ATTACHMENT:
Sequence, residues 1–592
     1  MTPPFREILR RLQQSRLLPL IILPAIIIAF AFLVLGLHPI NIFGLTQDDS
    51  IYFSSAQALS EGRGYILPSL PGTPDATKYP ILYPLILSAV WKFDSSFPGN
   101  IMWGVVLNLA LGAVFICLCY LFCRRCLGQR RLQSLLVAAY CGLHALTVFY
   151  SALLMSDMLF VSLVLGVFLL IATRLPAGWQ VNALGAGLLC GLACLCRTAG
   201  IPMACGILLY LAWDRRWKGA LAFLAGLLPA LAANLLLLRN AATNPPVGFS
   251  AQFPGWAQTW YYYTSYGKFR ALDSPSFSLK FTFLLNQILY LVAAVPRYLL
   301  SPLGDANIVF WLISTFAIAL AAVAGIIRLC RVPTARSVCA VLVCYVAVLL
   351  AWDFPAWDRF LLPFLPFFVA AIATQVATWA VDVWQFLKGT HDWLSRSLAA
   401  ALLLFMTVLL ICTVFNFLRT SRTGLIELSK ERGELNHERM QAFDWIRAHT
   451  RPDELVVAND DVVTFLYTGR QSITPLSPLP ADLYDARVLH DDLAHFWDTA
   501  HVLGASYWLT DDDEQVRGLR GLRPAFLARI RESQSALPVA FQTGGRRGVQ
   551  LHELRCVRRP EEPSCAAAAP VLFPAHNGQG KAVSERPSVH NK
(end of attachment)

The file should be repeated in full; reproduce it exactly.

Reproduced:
Sequence, residues 1–592
     1  MTPPFREILR RLQQSRLLPL IILPAIIIAF AFLVLGLHPI NIFGLTQDDS
    51  IYFSSAQALS EGRGYILPSL PGTPDATKYP ILYPLILSAV WKFDSSFPGN
   101  IMWGVVLNLA LGAVFICLCY LFCRRCLGQR RLQSLLVAAY CGLHALTVFY
   151  SALLMSDMLF VSLVLGVFLL IATRLPAGWQ VNALGAGLLC GLACLCRTAG
   201  IPMACGILLY LAWDRRWKGA LAFLAGLLPA LAANLLLLRN AATNPPVGFS
   251  AQFPGWAQTW YYYTSYGKFR ALDSPSFSLK FTFLLNQILY LVAAVPRYLL
   301  SPLGDANIVF WLISTFAIAL AAVAGIIRLC RVPTARSVCA VLVCYVAVLL
   351  AWDFPAWDRF LLPFLPFFVA AIATQVATWA VDVWQFLKGT HDWLSRSLAA
   401  ALLLFMTVLL ICTVFNFLRT SRTGLIELSK ERGELNHERM QAFDWIRAHT
   451  RPDELVVAND DVVTFLYTGR QSITPLSPLP ADLYDARVLH DDLAHFWDTA
   501  HVLGASYWLT DDDEQVRGLR GLRPAFLARI RESQSALPVA FQTGGRRGVQ
   551  LHELRCVRRP EEPSCAAAAP VLFPAHNGQG KAVSERPSVH NK